National Stud closure latest: ‘Infected filly could not be in better place’

The closed Newmarket National Stud ANL-160202-154602001
The closed Newmarket National Stud ANL-160202-154602001

The filly, which arrived at the stud from overseas on January 20, is said to be suffering from the neurological strain of the Equine Herpes Virus (EHV) infection and is in the stud’s Heath Isolation Unit.

The closed Newmarket National Stud ANL-160202-154614001

The closed Newmarket National Stud ANL-160202-154614001

The stud has been closed to all but essential workers and visitors as a precautionary measure and the breeding industry’s code of practice for dealing with outbreaks 
of disease has been put in place.

With thousands of mares from all over the world due to travel to studs in Newmarket over the next few months any spread of the virus, which can result in pregnant mares aborting the foals they are carrying, could be disastrous.

But Newmarket Stud Farmers’ Association chairman Nick Angus-Smith, of Snailwell Stud, said that the very stringent biosecurity measures observed by local studs meant this was highly unlikely.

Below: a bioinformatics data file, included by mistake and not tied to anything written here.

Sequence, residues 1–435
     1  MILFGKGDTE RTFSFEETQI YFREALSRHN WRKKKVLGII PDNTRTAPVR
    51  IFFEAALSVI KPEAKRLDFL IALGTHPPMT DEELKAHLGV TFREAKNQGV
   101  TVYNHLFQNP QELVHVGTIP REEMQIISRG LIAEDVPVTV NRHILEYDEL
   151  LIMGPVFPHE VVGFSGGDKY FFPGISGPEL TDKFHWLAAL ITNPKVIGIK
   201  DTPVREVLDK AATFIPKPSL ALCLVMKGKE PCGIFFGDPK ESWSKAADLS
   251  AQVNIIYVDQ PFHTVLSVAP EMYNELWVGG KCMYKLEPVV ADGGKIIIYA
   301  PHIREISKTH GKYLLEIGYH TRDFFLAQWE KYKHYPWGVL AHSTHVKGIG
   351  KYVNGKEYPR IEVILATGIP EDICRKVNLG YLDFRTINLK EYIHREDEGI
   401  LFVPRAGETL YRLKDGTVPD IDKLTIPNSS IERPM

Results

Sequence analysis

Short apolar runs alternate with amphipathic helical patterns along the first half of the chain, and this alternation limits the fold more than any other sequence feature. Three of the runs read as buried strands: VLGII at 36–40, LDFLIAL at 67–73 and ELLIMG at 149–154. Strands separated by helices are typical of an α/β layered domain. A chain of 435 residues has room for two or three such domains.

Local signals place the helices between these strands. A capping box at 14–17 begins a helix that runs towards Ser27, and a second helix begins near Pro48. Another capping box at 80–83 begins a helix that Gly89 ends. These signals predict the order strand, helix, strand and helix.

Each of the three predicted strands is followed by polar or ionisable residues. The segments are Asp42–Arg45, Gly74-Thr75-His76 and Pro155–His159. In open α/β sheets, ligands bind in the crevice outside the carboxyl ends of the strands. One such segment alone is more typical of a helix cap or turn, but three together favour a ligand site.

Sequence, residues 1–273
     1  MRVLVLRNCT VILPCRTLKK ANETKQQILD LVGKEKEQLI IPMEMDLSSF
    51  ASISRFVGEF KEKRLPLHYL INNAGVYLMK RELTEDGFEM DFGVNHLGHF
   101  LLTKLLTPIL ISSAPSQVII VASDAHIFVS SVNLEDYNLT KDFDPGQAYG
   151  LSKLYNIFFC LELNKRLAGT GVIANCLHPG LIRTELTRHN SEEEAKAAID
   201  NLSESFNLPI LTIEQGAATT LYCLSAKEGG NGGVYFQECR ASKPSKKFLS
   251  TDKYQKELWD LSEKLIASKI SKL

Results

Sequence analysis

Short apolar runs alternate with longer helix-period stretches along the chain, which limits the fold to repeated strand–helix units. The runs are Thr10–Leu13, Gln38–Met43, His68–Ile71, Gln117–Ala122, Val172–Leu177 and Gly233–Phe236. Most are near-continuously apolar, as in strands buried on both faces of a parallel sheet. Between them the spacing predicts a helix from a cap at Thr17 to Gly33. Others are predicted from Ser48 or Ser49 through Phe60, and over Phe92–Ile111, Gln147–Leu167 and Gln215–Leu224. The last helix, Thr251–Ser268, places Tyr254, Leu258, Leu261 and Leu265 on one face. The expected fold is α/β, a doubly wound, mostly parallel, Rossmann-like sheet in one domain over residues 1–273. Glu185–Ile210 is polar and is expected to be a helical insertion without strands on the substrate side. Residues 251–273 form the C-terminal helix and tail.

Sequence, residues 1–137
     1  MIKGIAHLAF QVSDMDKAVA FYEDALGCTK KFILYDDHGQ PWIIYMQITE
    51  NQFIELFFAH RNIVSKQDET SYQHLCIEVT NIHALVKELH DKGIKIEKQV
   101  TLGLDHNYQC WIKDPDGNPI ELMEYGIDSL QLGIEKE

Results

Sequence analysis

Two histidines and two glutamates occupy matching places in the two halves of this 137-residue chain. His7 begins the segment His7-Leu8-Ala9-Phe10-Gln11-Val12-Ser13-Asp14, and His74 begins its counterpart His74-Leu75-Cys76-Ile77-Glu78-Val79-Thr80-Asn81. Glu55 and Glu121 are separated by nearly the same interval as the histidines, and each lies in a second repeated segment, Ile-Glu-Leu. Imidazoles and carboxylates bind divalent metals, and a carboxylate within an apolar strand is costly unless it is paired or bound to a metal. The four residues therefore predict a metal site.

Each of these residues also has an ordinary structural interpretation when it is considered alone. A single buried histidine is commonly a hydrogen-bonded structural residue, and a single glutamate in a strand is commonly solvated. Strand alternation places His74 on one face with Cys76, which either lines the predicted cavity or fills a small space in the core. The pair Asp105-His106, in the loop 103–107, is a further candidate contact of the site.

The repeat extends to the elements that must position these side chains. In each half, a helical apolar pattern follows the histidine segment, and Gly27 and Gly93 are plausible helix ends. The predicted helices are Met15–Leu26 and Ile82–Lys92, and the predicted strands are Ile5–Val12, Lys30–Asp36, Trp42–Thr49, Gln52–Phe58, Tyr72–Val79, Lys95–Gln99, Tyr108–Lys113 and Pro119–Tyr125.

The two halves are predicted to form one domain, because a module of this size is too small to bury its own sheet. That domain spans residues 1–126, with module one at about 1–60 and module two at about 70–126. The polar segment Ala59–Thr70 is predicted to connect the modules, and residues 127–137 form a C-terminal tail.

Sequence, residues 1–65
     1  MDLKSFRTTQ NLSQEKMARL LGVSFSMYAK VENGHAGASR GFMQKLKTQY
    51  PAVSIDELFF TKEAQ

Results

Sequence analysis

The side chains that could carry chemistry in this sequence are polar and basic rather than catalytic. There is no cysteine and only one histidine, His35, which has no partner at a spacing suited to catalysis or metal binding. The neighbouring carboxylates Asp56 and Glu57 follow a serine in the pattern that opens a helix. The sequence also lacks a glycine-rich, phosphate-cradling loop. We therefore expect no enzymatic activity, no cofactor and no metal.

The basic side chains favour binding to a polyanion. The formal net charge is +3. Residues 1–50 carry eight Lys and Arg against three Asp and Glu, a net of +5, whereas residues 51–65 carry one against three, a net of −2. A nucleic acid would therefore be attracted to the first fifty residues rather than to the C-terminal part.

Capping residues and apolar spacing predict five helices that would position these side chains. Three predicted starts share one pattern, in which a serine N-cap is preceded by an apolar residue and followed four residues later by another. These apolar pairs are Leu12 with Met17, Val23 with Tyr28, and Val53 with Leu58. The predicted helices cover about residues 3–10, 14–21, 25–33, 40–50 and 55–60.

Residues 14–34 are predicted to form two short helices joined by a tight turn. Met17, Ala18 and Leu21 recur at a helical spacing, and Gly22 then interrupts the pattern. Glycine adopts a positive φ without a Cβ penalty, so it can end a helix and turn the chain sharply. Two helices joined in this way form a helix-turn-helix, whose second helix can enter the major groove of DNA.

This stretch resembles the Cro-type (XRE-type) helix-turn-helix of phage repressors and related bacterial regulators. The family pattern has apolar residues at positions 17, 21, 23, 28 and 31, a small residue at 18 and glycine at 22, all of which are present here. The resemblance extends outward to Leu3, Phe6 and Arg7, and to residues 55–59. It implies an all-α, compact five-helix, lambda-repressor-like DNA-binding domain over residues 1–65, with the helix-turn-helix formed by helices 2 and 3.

“In Newmarket, we operate what are probably the strictest standards of hygiene and horse management to be found anywhere in the world and we all stick together and abide by the rules.

“It is a very high-class operation in which every stud sticks rigidly to the guidelines - the National Stud most of all.

“This filly could not be in a better place,” said Mr Angus-Smith.

He emphasised that all mares and fillies have to be vaccinated against EHV before they travel to any Newmarket stud - a rule which has meant the virus occurs here only rarely.

“This particular filly had been vaccinated, but an occasional blip like this is always possible and the chances are there will be no need for any further closures”.

The design for the National Stud, which opened on its current site on land near the racecourse in 1967, was specifically chosen because it was built as a series of isolated yards which could be shut off from one another in the event of an outbreak of disease.